Hyundai Ioniq 6 Review

PROS:

  • Stellar range
  • Compelling style
  • Good technology

CONS:

  • Tiny trunk
  • Limited headroom
  • Inaccurate range predictions

EDITOR’S QUOTE:

A comprehensively good car with striking looks and world-class efficiency.

The battle for aerodynamic performance has created some compelling shapes over the years, but it’s mandated far more that would be called boring. Amorphous machines like the Mercedes-Benz EQS and the Tesla Model S haven’t exactly won the hearts or minds of many buyers. But still, it’s an important fight. With buyers demanding ever more range and efficiency from their EVs, a car cheating the wind is even more important now than ever.

The Ioniq 6 is Hyundai’s most extreme aerodynamic experiment yet. With a drag coefficient of just 0.22, it’s the slipperiest car ever from the South Korean manufacturer. Impressively, it’s a figure that approaches or matches other, more boring shapes like the aforementioned Mercedes and Tesla.

Despite that, it’s a car that has a distinctive, fetching shape and a visual appeal all its own. That it looks like nothing else on the road is a good start, that it’s such a comprehensively good car and is available with 300 miles of range is even better.


The Packaging

The shape of the Ioniq 6 is quite basic, just a simple front-to-rear arc that doesn’t by itself offer much in the way of intrigue. But within that low-drag profile is a series of details and highlights that make this sedan special.

The most interesting angle is the rear. Instead of simply tapering down to the ground, designers integrated a large spoiler into the back of the Hyundai. This definitely serves an aerodynamic purpose, but more importantly, it adds an air of sportiness to what could otherwise be a utilitarian profile.

Like the rest of the car, that spoiler is riddled with pixel lights and other details, creating a car that looks as interesting up close as it does from afar. Even the little fin antenna perched up on the roof contains some surprises, a transparent housing that exposes its circuitry when you get up there and really look at it. That is something you will want to do with the Ioniq 6.

Unfortunately, the car’s slippery profile does come with its compromises, starting with storage space. There’s effectively no storage space under the frunk, and the trunk is not much better. The opening to the boot of the Ioniq 6 is wide but low, exposing only 11.2 cubic feet of storage space. That’s about a third less even than the Sonata, a car of otherwise similar dimensions.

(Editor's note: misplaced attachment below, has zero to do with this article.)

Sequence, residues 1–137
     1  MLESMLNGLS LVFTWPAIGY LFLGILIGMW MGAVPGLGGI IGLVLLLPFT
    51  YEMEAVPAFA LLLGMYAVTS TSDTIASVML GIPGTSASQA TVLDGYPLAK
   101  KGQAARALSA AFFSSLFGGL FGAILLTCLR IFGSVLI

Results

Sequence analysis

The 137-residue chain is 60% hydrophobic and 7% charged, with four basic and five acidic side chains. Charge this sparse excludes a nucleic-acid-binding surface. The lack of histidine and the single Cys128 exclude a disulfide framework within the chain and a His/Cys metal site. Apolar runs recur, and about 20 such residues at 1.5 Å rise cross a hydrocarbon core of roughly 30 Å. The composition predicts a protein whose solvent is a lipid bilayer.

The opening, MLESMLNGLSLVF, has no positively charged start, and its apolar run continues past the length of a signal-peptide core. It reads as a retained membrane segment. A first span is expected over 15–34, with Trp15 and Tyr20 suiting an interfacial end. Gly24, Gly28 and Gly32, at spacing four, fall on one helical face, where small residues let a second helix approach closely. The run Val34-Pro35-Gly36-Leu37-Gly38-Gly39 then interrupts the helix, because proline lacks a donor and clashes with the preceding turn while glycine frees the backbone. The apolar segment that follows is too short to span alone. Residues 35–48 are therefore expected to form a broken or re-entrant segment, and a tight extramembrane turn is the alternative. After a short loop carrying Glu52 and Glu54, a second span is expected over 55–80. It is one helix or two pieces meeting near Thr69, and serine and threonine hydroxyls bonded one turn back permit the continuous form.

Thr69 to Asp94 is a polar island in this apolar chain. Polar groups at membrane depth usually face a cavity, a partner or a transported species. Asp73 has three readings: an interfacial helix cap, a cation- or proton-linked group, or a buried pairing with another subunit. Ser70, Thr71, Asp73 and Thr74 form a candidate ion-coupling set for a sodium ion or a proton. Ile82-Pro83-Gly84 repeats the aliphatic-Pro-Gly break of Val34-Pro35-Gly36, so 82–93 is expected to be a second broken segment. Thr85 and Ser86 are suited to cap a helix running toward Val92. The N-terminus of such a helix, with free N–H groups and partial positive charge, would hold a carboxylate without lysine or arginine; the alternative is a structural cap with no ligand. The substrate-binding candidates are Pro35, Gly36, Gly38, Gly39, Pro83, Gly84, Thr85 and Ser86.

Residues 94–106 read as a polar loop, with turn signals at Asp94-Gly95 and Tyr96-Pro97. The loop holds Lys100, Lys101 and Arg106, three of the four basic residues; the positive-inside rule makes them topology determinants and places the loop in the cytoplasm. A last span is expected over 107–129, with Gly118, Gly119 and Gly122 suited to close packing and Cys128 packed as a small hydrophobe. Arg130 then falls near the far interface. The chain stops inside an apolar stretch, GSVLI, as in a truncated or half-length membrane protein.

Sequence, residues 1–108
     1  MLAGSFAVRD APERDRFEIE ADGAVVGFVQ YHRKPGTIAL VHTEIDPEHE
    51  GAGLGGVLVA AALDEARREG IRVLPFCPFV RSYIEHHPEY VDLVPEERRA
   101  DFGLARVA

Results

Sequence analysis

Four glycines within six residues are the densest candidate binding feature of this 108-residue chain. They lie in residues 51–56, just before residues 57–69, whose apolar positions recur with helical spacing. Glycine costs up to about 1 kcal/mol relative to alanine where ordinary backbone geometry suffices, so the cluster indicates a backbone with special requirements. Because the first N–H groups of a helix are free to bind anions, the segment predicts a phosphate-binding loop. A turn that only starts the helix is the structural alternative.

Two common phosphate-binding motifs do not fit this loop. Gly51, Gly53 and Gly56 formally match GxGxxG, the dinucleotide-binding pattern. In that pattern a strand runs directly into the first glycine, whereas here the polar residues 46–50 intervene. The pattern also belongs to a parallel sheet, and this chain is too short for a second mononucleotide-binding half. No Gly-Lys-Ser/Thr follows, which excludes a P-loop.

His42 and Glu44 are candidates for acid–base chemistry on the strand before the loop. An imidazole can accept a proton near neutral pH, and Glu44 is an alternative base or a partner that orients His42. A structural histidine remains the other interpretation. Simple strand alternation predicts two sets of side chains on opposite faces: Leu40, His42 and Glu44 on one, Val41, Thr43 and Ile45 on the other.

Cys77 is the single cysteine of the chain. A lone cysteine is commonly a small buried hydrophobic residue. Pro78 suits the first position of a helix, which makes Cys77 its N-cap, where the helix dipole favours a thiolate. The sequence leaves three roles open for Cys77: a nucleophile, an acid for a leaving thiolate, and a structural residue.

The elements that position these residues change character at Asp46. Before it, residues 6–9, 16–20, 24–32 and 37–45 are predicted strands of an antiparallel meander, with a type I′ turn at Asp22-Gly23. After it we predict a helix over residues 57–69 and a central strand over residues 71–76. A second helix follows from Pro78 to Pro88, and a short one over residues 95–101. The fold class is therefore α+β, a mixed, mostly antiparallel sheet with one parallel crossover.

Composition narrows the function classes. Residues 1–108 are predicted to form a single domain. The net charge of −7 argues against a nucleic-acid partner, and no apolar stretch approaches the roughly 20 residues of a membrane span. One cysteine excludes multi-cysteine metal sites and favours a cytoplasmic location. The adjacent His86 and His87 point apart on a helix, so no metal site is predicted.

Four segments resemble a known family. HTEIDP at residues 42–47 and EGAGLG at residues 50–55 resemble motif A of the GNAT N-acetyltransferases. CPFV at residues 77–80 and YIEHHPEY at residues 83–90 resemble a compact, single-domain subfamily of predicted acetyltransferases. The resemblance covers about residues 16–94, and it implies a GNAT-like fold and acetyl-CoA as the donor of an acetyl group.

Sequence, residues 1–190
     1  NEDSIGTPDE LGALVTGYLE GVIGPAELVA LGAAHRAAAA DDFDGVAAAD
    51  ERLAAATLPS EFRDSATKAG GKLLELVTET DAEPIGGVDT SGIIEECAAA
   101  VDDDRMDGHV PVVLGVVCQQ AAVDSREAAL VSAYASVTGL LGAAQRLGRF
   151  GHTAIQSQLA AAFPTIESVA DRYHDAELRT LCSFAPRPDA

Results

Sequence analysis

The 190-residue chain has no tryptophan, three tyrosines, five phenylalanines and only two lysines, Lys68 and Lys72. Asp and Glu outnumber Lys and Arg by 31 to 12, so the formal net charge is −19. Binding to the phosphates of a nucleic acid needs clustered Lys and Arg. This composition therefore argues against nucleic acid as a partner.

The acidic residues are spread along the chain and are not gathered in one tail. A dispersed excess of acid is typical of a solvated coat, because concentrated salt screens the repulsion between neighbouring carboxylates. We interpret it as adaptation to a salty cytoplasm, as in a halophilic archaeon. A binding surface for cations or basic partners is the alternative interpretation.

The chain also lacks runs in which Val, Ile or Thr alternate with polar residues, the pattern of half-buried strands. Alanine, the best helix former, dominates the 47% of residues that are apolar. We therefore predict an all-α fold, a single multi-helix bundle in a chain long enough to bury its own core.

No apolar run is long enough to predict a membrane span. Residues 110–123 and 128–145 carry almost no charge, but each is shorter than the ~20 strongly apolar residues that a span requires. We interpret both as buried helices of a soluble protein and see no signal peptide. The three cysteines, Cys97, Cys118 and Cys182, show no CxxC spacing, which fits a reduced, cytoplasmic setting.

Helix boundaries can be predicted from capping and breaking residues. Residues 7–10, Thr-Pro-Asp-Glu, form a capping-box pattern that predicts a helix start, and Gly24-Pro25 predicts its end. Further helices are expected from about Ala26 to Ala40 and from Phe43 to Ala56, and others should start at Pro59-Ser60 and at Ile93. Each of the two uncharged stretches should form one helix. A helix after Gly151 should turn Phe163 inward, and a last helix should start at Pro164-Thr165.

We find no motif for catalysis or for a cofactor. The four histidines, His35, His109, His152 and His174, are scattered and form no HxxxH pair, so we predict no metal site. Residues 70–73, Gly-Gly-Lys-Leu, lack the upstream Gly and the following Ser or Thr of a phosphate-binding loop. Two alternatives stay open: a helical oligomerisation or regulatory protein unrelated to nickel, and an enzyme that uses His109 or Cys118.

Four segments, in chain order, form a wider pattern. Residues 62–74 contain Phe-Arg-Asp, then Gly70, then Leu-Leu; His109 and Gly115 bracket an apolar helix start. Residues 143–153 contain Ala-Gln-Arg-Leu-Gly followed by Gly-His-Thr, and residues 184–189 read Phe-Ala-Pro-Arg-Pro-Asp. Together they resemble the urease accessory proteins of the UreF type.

In fact, the Ioniq 6 is nine inches longer even than the Ioniq 5. That length does impart some advantages, like a copious amount of legroom in the rear seats. Headroom, though, is more limited. Passable, but far from generous. Rear seat occupants get a pair of USB-C ports and even a 250V three-prong outlet for juicing up more power-hungry devices.

Two more USB-C ports are lurking in the armrest, plus a USB-A port up front and a Qi wireless pad. You’ll need to use one of those ports if you want either Android Auto or Apple CarPlay, because neither is supported wirelessly.

Up front, headroom is acceptable but still not great. I’m six feet tall, and my hair just brushed the headliner with the driver’s seat situated as low as possible. Otherwise, seating is comfortable, power-adjustable and offering adjustable lumbar support plus heating and cooling. That heating is powerful, so much so that even on some very chilly mornings I found its highest setting too intense.

Interface

Like nearly everything else here, seat heater controls are buried in the touchscreen. There’s a small HVAC panel low on the center console where you can adjust temperatures and trigger the defrosters, but otherwise you’re left stabbing at that panel.

It’s a 12.3-inch unit, joined at the hip with another 12.3-inch panel that forms the gauge cluster. It’s the same basic layout as on the Ioniq 5 and it looks and works well here. The two displays are framed in matte silver, giving a clean, cohesive look.

Thumb controls on the wheel make adjusting things like cruise control and media volume easy, while a set of delightfully chunky and tactile stalks behind handle the usual duties for turn signals and wipers. A third stalk, situated low and on the right, is the gear selector. Twist it forward for D, rearward for R, and push in the button on the end for P.

At first, it’s a little easy to get the shifter confused for the wiper stalk, but otherwise, the control layout is intuitive, while the feel of all the controls is excellent.

As is the look of the interior. Though dominated by dark plastics on this particular car that have a bit of a harsh feel to them in places (white is also available), the Ioniq 6 manages to be even more interesting on the inside than on the outside. Subtle ripples on the door cars grow in amplitude from top to bottom, emerging like standing waves as you get close to the handles integrated into large arm rests that feature massive, bright speaker grilles.

Those speakers are from Bose and offer plenty of power to fill the cabin. There’s perhaps not an excess of finesse from the sound performance here, the prodigious bass coming from the trunk somewhat overshadowing the tweeters in the A-pillars and the speaker perched high on the dashboard.